Because mine *must* be too small
Published on December 16, 2008 By ZubaZ In Politics

I must be missing something.  I know I'm not supposed to use logic when dealing with teh feds . . but can someone with a bigger brain help me out?

 

Fact: $700US was legislated to bail out the banks.

Assumed (by me): that this was near the amount needed to avert the crisis

Fact: the President and the Treasury want to use some of this money to bail out the auto industry

Questions: 

  • Did Congress approve more than was the minimum needed?
  • Did the banks end up not needing so much?
  • Is there any oversight over how the money has been/will be spent?
  • Has there been any benefit to the end-users yet?
  • Is it right for the treasury to allocate funds for the automakers after Congress failed to pass new legislation to do so?

It makes me sick how my money is being mispent.  I'm one of the responsible ones.  I spend less than I make.  I have a fixed rate mortgage on my house.  I own my cars.  I don't have a credit card.  Why can't the government act AT LEAST as responsibly as me?  They have the biggest brains ever, right?


Comments (Page 1)
on Dec 16, 2008

I doubt I have a bigger brain than you do but I will attempt to answer your questions based on the numerous articles that I have read on the subject.

Did Congress approve more than was the minimum needed?

If you ask Congress they approved more than the minimum needed to avert the crisis.  The bailout is to be paid in two installments, $350 Billion that Paulson has been distributing and early next year if he (or his successor) needs more (and I'm sure he (or she) will) then he (or she) will return to congress to ask for the rest of the bailout money.

Did the banks end up not needing so much?

That's impossible.  If there is money available the banks will find an excuse for need it.  There are actually stable banks that are applying for bailout money just so that they can buy up other banks.

Is there any oversight over how the money has been/will be spent?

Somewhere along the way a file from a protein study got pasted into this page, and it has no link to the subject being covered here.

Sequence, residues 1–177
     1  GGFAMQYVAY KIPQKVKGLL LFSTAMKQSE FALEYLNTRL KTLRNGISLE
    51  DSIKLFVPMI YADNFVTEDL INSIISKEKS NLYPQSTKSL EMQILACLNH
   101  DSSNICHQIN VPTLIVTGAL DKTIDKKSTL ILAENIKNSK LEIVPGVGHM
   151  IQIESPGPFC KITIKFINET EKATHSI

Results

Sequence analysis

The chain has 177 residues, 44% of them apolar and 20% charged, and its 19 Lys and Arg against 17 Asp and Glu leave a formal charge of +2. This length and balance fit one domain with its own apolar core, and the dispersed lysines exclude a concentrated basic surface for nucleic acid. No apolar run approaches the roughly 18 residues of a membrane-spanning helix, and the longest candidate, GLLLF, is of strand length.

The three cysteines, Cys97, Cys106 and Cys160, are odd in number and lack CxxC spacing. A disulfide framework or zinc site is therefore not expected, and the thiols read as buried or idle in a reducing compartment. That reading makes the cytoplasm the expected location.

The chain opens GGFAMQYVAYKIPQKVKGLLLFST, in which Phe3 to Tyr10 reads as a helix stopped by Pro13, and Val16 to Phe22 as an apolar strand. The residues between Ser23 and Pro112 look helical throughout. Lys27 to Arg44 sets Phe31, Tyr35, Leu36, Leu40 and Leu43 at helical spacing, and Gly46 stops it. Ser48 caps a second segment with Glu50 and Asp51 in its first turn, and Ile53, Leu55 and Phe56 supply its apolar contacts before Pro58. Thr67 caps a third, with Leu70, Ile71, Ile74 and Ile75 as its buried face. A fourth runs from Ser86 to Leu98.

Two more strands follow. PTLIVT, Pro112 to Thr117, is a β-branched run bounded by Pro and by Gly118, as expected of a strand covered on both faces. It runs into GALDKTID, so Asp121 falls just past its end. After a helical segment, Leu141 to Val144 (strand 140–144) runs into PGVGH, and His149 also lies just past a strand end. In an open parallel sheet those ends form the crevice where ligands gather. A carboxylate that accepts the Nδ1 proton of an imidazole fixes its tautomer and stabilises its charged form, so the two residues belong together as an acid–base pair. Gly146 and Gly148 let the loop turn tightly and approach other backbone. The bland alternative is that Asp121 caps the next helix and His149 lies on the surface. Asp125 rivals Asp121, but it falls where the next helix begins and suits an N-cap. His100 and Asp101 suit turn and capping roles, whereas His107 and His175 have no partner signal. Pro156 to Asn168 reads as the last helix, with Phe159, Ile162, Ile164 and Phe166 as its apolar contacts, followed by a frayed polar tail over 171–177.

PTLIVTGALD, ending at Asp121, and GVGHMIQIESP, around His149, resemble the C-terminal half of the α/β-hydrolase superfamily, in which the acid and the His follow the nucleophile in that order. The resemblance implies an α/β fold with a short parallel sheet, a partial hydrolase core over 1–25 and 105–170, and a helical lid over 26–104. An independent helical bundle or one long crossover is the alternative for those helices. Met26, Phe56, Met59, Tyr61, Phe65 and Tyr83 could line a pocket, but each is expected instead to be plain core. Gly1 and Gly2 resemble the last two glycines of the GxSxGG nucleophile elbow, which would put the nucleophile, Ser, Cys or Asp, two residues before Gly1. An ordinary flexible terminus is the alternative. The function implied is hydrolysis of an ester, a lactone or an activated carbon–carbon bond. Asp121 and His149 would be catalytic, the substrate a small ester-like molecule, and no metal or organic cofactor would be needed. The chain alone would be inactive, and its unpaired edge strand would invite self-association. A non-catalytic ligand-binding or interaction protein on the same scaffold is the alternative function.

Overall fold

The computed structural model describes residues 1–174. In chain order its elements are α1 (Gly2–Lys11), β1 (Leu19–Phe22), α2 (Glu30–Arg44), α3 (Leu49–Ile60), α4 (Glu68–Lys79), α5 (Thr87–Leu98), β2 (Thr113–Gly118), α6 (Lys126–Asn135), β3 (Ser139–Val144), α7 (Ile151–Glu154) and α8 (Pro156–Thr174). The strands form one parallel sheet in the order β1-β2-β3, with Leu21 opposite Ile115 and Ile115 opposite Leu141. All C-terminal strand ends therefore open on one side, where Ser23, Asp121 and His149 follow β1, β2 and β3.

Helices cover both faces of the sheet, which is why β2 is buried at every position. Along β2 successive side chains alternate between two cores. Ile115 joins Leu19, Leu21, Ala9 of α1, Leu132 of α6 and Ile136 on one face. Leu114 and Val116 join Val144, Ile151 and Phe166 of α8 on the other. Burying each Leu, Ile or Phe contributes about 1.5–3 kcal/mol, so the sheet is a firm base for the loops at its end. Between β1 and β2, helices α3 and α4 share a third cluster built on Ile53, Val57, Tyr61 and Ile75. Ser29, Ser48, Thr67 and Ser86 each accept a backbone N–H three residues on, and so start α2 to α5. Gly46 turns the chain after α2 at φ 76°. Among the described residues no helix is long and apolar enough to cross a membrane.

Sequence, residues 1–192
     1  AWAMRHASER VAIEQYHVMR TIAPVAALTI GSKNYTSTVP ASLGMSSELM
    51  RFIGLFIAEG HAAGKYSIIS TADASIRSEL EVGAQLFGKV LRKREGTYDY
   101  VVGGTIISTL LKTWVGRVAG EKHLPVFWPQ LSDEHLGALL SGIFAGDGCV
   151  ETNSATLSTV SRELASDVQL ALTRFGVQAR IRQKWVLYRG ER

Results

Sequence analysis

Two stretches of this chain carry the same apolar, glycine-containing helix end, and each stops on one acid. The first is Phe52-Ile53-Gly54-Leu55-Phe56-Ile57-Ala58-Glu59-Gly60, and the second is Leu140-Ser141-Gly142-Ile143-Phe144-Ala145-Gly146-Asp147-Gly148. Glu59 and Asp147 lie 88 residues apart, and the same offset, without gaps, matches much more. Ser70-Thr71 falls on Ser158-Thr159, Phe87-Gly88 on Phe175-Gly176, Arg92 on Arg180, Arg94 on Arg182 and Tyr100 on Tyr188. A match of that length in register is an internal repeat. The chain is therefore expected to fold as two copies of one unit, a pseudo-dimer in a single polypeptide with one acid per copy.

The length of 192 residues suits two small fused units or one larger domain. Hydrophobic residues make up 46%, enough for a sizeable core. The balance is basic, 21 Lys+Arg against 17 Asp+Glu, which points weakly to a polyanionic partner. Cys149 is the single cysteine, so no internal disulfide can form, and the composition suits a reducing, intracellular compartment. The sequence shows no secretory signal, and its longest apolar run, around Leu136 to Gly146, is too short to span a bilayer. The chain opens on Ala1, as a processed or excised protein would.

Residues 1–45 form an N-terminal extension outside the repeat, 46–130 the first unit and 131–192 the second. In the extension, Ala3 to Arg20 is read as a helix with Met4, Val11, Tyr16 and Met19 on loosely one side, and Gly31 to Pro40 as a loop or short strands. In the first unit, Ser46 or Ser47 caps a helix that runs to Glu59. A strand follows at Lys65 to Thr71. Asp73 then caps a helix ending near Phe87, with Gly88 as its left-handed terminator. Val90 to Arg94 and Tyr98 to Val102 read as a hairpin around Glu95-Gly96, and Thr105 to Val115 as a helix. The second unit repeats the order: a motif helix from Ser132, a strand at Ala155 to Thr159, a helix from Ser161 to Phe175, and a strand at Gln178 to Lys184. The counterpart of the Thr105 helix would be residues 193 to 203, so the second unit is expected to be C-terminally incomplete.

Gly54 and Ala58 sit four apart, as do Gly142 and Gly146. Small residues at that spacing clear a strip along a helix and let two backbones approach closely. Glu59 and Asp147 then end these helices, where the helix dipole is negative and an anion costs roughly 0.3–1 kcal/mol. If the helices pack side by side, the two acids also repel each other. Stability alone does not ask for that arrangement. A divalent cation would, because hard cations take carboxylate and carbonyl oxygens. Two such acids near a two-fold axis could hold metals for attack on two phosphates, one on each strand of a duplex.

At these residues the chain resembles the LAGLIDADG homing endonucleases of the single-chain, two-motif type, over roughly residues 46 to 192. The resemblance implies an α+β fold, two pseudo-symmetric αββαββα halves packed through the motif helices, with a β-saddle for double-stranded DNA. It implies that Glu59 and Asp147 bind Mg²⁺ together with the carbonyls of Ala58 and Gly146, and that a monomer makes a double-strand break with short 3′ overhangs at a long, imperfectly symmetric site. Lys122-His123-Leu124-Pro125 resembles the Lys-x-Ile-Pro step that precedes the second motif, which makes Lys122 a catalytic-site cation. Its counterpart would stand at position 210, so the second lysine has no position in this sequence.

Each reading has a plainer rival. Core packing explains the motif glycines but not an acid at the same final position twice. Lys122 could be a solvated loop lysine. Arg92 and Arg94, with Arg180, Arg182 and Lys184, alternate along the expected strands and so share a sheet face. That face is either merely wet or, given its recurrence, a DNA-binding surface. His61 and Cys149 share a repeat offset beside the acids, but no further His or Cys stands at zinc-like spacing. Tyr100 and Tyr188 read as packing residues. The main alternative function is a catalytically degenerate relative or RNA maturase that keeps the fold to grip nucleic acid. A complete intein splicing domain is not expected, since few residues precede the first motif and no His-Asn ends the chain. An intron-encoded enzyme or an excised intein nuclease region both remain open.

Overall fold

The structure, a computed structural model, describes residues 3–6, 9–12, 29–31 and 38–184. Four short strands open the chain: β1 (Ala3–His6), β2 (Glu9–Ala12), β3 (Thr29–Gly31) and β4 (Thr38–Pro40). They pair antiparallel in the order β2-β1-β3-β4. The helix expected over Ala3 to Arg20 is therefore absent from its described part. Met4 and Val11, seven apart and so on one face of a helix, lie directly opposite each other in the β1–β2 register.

This was one of the major blunders that congress made when they passed the bailout, they didn't ask for enough oversight over how the money is to be used.  The bailout bill was sold to congress as a way to buy up the mortgage backed securities, to date I don't think the Treasury Department has bought any of them, instead they opted to buy equity stakes in the banks.  Because Congress didn't ask for any real oversight all they can do is bitch whine and moan over how Paulson is misusing their money, but when you hand someone a virtually blank check you don't get to dictate how the money is to be used.  Idiots.

Has there been any benefit to the end-users yet?

I have a feeling this one will depend on who you feel are the end-users and who you ask.  If the end-users are the struggling home owners who are defaulting on their loans, then no they haven't been helped.  If the end-users are small businesses looking for loans to make payroll, I don't think they've been helped either.  If the end-user are banks looking to buy up other banks then some of them have been helped.

Is it right for the treasury to allocate funds for the automakers after Congress failed to pass new legislation to do so?

Again this depends on who you ask.  If you ask me I don't think any bailout should have been passed, but since this one was I certainly don't think it should be used for the automakers simply because the bailout was for banks and the automakers aren't banks.

It makes me sick how my money is being mispent. I'm one of the responsible ones. I spend less than I make. I have a fixed rate mortgage on my house. I own my cars. I don't have a credit card. Why can't the government act AT LEAST as responsibly as me?

Your idealism is showing.  Mine shows rather often as well if that makes you feel any better.  The real question here is did you vote for anyone who was in favor of this bailout?  If you did then remember this when they are up for re-election and vote against them.  The only affect we can have on this situation is to pester our representatives with phone calls and e-mails and failing that with our votes when they are up for re-election.

on Dec 16, 2008

Assumed (by me): that this was near the amount needed to avert the crisis

No one had any real handle on that. It was a guesstimate.

Did Congress approve more than was the minimum needed?

Really, Zubaz! Have you ever known them to err? After all, they've voted themselves a raise so they must have done right. Right?

Did the banks end up not needing so much?

Well, they've swallowed it up and used it as they saw fit. No worries, mate!

Is there any oversight over how the money has been/will be spent?

I believe that the answer to that lies in the "Pigs might actually fly" thread on WC. Ask Paulson. He's a responsible guy. No? I wonder at why he refuses to say where it went and how much to whom for what.

Has there been any benefit to the end-users yet?

A better question might have been "Will there ever be?". Who's collecting numbers. As far as I can tell the foreclosure rate hasn't dropped, nor has the job losses. Maybe this is being handled much the same way as the Congress and Administration have handled (or mishandled) everything else. I don't think the collective intelligence ther approaches the level of sedementary rock.

Is it right for the treasury to allocate funds for the automakers after Congress failed to pass new legislation to do so?

It's never a question of "Is it right?". Do you mean "Legal"? "Ethical"? "Moral?"?